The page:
I think you're overstating the case. For something like DSL, there's a fixed amount of bandwidth (depending on distance and line quality) available for both directions. If someone offered the same 6MB/s total as the customer's choice of 3/3, 4/2, and 5/1, how would that be wrong? In fact, I would probably take the 4/2 option.

        • (Score: 0) by Anonymous Coward on Monday August 14, @03:12PM (1 child)

          by Anonymous Coward on Monday August 14, @03:12PM (#553701)

          The fucking internet is symmetric. So why aren't our last mile connections?

          Maybe because most people really do use a lot more down than up?

          If that were true, then there would be no need to limit the uplink speed. You'd make a symmetric connection and people don't use upload that much. Done. Generally, you put limits on something because you want to limit it, not because nobody is doing it.

          • (Score: 0) by Anonymous Coward on Monday August 14, @06:39PM

            by Anonymous Coward on Monday August 14, @06:39PM (#553795)

            No, dipshit. DSL has an actual, physical limit to total bandwidth (depending on line quality and distance, like I said), and this is partitioned into up and down segments. 1:1 (aka SDSL) means LIMITING the downlink to half the total available.

            Sure, for stuff like cable internet, it's just a cap. For cheapskates buying slow ADSL even though they're close enough to get more, it's just a cap. But sometimes it's a hard physical limit, and asymmetry actually gives the customer more downlink than is physically possible with a 1:1 ratio.

    • (Score: 3, Insightful) by Anonymous Coward on Saturday August 12, @04:56PM (2 children)

      by Anonymous Coward on Saturday August 12, @04:56PM (#552896)

      The internet is like the printing press, dangerous in the wrong hands. They have to restrict upload speeds because they don't want just anybody to have full access. The reason we don't have symmetrical internet is entirely political. The reasons given by the authorities is pure propaganda. The scarcity of bandwidth is artificial and arbitrary, not technical. The freedom to communicate is a threat to the state and its corporate owners. As a people we must demand symmetry! Accept nothing less. Otherwise we walk with a limp.

      • (Score: 0) by Anonymous Coward on Saturday August 12, @08:23PM

        by Anonymous Coward on Saturday August 12, @08:23PM (#552950)

        it's probably mainly about trying to limit competition. they can't have any joe smoe thinking he can run some kind of internet business from home. you need to rent space from them at centralized data centers for that. we they sell you internet they actually mean neutered slavenet. how else can they turn the internet into TV?

      • (Score: 1) by fustakrakich on Saturday August 12, @10:06PM

        by fustakrakich (6150) on Saturday August 12, @10:06PM (#552988) Journal

        "Give me symmetry or give me death" - Patrick Swayze

    • (Score: 2) by Marand on Sunday August 13, @04:02AM (5 children)

      by Marand (1081) on Sunday August 13, @04:02AM (#553100) Journal

      A bigger problem is the data caps on internet, especially in rural areas. My grandparents live in an area where $60/mo for 10GB/mo satellite is a "good" deal, and not even mobile internet is a viable alternative. That basically makes the internet unusable, because they can go through most of that in a month with OS updates disabled, and they aren't even heavy internet users. Even if mobile were an option, the data caps there aren't much better, and might even be worse.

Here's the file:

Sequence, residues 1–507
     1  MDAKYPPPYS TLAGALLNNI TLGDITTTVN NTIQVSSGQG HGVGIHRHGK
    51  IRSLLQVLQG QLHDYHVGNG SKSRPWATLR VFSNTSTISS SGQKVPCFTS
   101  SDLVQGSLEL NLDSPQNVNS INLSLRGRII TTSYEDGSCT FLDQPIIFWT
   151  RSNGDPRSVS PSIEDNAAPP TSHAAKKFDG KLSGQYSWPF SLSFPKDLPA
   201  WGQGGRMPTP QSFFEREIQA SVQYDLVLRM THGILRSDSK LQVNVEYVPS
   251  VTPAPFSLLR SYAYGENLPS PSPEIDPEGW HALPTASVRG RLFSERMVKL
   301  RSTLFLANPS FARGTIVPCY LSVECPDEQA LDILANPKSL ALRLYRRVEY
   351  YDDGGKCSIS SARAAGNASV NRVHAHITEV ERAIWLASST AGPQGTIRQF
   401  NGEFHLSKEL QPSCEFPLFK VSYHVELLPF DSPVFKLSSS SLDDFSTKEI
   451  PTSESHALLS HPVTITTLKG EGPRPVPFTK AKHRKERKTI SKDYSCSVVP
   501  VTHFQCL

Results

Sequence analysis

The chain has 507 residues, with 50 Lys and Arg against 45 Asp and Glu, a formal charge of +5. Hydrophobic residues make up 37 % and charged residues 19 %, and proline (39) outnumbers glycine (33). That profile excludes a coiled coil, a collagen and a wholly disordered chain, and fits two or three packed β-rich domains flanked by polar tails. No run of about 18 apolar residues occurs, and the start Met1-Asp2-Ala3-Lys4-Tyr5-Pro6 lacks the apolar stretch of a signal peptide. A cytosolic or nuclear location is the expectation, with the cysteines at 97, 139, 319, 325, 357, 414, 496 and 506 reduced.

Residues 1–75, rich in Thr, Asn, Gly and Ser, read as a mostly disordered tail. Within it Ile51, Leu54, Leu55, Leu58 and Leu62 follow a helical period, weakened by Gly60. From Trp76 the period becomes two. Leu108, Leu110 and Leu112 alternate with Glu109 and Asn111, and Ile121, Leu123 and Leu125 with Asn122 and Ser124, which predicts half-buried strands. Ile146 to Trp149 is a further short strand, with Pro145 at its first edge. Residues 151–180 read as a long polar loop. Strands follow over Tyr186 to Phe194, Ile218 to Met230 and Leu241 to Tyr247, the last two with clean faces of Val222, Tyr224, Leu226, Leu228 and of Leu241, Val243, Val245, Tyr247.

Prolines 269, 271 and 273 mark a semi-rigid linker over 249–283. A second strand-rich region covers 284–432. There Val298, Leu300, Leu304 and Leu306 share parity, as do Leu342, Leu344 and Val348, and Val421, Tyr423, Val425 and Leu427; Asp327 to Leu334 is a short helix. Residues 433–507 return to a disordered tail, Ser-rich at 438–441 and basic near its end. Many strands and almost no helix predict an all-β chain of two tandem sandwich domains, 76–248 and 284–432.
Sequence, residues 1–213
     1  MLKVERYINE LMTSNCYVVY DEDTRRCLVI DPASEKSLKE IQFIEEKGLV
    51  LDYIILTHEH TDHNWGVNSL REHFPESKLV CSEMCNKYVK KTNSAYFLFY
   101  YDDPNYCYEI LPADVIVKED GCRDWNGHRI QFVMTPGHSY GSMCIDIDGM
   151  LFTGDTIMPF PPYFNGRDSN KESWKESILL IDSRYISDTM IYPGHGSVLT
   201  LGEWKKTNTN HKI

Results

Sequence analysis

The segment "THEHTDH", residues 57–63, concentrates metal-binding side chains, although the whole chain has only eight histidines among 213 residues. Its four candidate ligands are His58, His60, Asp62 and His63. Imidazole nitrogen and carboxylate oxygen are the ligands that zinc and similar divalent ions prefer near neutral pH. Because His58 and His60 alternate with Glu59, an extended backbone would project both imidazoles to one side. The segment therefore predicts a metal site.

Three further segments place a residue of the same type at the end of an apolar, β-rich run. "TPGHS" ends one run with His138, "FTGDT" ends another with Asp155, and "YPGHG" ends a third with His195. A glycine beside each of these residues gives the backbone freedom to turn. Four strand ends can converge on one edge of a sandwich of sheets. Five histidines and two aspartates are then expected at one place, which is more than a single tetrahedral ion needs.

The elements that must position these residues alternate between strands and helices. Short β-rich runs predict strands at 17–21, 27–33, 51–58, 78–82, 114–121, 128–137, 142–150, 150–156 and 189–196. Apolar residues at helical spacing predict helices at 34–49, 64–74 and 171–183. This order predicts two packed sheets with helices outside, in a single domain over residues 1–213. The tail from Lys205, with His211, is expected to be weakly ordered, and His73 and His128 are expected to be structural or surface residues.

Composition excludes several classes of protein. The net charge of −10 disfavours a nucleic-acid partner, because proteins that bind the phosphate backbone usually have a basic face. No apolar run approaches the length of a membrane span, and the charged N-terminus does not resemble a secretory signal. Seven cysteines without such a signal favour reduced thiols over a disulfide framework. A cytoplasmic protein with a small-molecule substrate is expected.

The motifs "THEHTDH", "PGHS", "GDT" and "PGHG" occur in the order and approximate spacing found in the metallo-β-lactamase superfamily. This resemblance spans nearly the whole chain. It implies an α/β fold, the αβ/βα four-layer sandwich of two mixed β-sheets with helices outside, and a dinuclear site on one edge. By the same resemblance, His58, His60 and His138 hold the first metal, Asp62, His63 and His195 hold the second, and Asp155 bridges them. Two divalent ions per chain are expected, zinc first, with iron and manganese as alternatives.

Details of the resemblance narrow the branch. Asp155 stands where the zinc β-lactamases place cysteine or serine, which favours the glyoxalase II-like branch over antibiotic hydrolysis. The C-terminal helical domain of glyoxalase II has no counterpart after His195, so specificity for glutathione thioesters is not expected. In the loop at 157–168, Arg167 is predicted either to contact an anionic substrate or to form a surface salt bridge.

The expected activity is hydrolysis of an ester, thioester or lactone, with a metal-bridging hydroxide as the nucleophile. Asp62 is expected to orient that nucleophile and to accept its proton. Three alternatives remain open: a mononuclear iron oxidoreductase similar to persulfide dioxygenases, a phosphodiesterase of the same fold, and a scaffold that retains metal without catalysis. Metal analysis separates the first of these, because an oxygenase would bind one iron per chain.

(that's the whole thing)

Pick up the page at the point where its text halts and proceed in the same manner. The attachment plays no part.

I stayed there a while with them, and I'll tell you right now, I can deal with the ridiculous latency a hell of a lot better than I can the impossibly low cap. The only way it's been even remotely usable, ever, is when the provider had a loophole where VPN traffic didn't count against the cap, but they figured that out and fixed it a while back.

      Anybody that thinks data caps like that are "good enough" clearly doesn't know what it's actually like to live with one as the only form of internet access.

      • (Score: 2) by kaszz on Sunday August 13, @04:14AM (4 children)

        by kaszz (4211) on Sunday August 13, @04:14AM (#553105) Journal

        One way to make that life more bearable is to route the http traffic through a proxy on the internet that strips out all the html code junk before it's sent home. Many pages are now 1000 kByte.. for something that in a distant time took 10 kByte tops. Ontop of that a local heavily caching proxy can be employed.

        Video can be recoded on the fly with more efficient codec and lower bitrate if there's a need to squeeze the last bit.

        • (Score: 2) by Marand on Sunday August 13, @04:48AM (1 child)

          by Marand (1081) on Sunday August 13, @04:48AM (#553119) Journal

          I tried stuff like that for a bit when I stayed there, but it didn't matter what I did, because no matter how efficient I was, I couldn't do anything about their usage. They're the types where, if you even touch one of their keyboards, you'll get blamed for "breaking" something weeks later when they do something stupid, so it just wasn't worth trying to help them with tricks like that, or even something as simple as ad blocking to reduce traffic.

          So, I found a better workaround. When their connection goes over the cap, it throttles you down to dialup speeds (but with more latency! woo!), right? Well, except that whatever the ISP does with the throttling doesn't (or didn't, at least) count icmp traffic, so I set up a ping tunnel on a VPS I've kept for years and routed all my traffic through that after the month's bandwidth ended, then kept doing what I normally did with net traffic. The latency had a negative effect on the tunnel, so it was still fairly slow, but a lot better than dialup-slow, and I could even get away with Netflix through it as long as I turned off HD. :P